Another interesting example which shows not only the power of citizen journalists, but also the interaction between professional media and citizen media in Morocco, is that of 2009 communal elections. On that occasion, Moroccan bloggers launched an online campaign under the slogan “Bloggers Against Electoral Corruption.” The campaign was a success in the sense that a number of national newspapers used the output of bloggers to learn what was going on in different regions in Morocco that professional media could not get to.

Last year I was happy to learn, while surfing the net, about plans to set up a Moroccan Bloggers’ Association. Almost immediately I contacted Mr. Said Benjebli, who is now its president, to say that I was interested in joining. I was even happier when, later on, met Said Benjebli and other bloggers from different cities and backgrounds, blogging in multiple languages. Since the association filed its papers in March 2009, it has been prevented from getting its license due to procrastination from the authorities. Nevertheless, it is doing a great job of promoting free speech and defending freedom of expression in Morocco. A number of meetings, seminars, workshops and other activities have been organized by the association and its partners. What this shows is that citizen media, as represented by bloggers, photographers, freelance journalists, and ordinary citizens, is an active force despite all the obstacles. We should support these efforts across ideological boundaries, because they are the raw material of democracy and citizenship in Morocco.

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Posted on Tuesday, June 15th, 2010

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6 comments on “Moroccan Citizen Media: A Challenge for Professional Media”

  1. I very much enjoyed reading your piece dear Zakaria. The future is no longer for independent journalists in Morocco. It’s for citizen ones simply because the latter do not know something called red-lines. And most of them are ready to make sacrifices!!! Regards.


    • A really enjoyable piece there Zakaria indeed. I liked your historic reading of Moroccan citizen media from its glorious inception during the struggle for independence until the technological blossoming of today. And I guess what the online community is doing today is inspired by the same spirit of emancipation and freedom.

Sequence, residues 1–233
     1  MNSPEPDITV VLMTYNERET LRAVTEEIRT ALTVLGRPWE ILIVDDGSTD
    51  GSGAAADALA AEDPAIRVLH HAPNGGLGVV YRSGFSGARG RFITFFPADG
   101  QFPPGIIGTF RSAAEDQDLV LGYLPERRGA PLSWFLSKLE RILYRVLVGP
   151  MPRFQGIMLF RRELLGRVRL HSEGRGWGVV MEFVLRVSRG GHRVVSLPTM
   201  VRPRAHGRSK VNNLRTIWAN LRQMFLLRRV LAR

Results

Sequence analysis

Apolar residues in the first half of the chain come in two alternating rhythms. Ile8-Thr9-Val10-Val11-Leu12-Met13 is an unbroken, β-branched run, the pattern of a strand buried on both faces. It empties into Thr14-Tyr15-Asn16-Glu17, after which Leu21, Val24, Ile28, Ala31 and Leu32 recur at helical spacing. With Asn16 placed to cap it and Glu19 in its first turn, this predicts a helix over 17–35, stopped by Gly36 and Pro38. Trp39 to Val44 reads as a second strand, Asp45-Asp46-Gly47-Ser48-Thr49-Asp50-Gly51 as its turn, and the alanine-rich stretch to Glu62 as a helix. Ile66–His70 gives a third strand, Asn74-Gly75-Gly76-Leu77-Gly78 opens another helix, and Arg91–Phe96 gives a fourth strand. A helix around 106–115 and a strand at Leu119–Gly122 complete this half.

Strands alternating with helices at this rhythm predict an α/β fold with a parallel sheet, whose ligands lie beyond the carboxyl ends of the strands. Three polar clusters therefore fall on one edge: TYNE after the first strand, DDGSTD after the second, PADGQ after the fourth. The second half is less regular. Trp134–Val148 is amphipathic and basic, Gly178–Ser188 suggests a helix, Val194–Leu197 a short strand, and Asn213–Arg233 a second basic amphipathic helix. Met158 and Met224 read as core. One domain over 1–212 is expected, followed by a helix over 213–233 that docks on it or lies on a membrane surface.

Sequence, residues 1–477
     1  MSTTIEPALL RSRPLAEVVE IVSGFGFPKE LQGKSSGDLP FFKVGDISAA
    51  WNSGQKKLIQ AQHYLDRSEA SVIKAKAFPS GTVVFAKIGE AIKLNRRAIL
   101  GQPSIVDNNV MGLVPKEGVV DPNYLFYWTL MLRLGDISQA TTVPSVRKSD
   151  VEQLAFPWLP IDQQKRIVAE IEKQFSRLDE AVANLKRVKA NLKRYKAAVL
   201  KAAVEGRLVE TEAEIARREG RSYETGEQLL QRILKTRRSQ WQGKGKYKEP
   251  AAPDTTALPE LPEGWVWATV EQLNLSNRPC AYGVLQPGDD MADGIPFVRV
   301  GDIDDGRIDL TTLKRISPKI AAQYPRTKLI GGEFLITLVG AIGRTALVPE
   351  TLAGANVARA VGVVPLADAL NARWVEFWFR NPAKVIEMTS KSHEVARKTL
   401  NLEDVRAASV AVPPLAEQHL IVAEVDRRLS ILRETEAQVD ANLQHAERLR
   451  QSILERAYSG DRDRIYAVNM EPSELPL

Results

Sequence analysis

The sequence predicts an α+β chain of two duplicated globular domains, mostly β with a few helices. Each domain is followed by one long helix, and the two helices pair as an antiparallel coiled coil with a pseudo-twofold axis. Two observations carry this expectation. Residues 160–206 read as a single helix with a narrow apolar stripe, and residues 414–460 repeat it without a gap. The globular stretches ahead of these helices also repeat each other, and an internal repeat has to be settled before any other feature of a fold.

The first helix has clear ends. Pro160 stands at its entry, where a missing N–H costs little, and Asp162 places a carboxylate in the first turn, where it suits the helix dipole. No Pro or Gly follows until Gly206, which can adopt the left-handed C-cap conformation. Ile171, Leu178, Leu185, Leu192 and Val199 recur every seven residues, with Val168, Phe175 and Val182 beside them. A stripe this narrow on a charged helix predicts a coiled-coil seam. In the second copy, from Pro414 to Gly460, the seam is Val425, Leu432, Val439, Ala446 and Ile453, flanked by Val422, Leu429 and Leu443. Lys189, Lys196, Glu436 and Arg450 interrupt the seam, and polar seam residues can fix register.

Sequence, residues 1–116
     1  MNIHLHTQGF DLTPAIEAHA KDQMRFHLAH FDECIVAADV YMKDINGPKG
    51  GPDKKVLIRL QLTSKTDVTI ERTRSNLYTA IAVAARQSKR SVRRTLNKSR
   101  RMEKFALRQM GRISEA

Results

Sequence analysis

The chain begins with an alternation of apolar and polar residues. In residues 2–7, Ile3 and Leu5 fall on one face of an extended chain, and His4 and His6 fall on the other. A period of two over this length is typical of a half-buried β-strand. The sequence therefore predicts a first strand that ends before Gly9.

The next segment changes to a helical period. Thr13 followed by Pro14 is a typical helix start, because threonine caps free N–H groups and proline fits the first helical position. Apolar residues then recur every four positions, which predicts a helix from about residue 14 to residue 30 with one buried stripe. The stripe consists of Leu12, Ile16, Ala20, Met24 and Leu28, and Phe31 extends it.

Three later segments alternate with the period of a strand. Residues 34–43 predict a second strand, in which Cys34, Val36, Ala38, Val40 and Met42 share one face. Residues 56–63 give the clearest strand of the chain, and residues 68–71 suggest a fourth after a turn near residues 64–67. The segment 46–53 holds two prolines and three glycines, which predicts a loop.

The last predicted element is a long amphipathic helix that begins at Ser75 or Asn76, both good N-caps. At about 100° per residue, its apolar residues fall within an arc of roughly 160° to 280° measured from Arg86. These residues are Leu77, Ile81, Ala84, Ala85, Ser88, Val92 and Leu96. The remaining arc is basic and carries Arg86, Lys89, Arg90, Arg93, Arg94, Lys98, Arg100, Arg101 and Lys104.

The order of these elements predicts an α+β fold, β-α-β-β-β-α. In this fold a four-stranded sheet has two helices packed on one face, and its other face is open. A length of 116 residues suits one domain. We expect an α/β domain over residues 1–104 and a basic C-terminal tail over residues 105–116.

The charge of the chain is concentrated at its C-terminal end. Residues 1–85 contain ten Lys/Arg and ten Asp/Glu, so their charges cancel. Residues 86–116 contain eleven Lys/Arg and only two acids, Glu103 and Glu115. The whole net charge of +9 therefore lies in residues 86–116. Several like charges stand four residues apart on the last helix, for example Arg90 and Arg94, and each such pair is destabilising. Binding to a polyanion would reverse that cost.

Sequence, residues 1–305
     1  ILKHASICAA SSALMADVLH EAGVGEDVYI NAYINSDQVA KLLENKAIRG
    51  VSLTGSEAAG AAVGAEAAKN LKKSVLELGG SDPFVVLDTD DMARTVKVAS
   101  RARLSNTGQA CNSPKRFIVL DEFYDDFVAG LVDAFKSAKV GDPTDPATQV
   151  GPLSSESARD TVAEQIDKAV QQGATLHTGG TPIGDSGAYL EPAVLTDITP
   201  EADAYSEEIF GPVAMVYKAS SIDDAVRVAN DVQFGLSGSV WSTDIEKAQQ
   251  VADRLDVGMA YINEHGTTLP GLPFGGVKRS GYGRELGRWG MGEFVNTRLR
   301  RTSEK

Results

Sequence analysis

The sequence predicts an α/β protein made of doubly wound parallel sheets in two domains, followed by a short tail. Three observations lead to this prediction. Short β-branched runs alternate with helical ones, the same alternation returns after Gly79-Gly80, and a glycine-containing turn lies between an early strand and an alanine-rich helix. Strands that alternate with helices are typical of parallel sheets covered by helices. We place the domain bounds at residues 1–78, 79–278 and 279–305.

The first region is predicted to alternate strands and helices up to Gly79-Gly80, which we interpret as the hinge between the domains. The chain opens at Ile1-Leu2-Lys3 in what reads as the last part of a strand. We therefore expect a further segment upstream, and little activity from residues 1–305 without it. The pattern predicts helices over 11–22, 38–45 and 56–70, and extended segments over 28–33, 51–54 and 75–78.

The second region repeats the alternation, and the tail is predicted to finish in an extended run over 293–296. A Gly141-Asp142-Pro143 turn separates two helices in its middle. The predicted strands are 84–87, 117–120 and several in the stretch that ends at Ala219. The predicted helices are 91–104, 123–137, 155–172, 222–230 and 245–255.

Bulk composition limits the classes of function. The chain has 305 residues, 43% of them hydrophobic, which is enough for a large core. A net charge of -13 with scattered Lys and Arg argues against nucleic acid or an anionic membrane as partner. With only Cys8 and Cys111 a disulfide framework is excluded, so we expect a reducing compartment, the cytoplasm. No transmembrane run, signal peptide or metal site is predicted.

Blogging, online activism… constitute a wonderful revolution but the whole web 2.0 shebang is such a chaotic world where one has to dig deep to find accurate and verifiable info.

      I’m not sure the phrase “citizen journalism” is accurate since a journalist is by definition a professional. I prefer the terms “citizen media“, “citizen activist” or “online citizen” which are closer to the the nature of a world that is basically free from professional constraints but still conveys an information, a message and a feel of the time, which makes it a media in its own right.

      Excellent job. Way to go!


  2. Thanks a lot Jamal and Hisham and sorry that I’m late to answer your comments as I’m trying to stay offline recently.

    I see your point Hisham. I think the name of the trend is still very debatable though; apart from “citizen media” or “citizen journalism,” other terms may refer to the same concept such as “grassroots journalism,” “participatory journalism,” “open-source media,” “democratic media,” “street journalism,” “alternative media,” and so on. Maybe some critics disagree with you saying: what if the person practicing “citizen media” or “online citizen” is not a citizen, but rather a refugee or an illegal migrant. Anyway, I prefer “citizen media” too, for its comprehensive sense and also because its close to “citizenship,” which is one of the goals of “citizen media”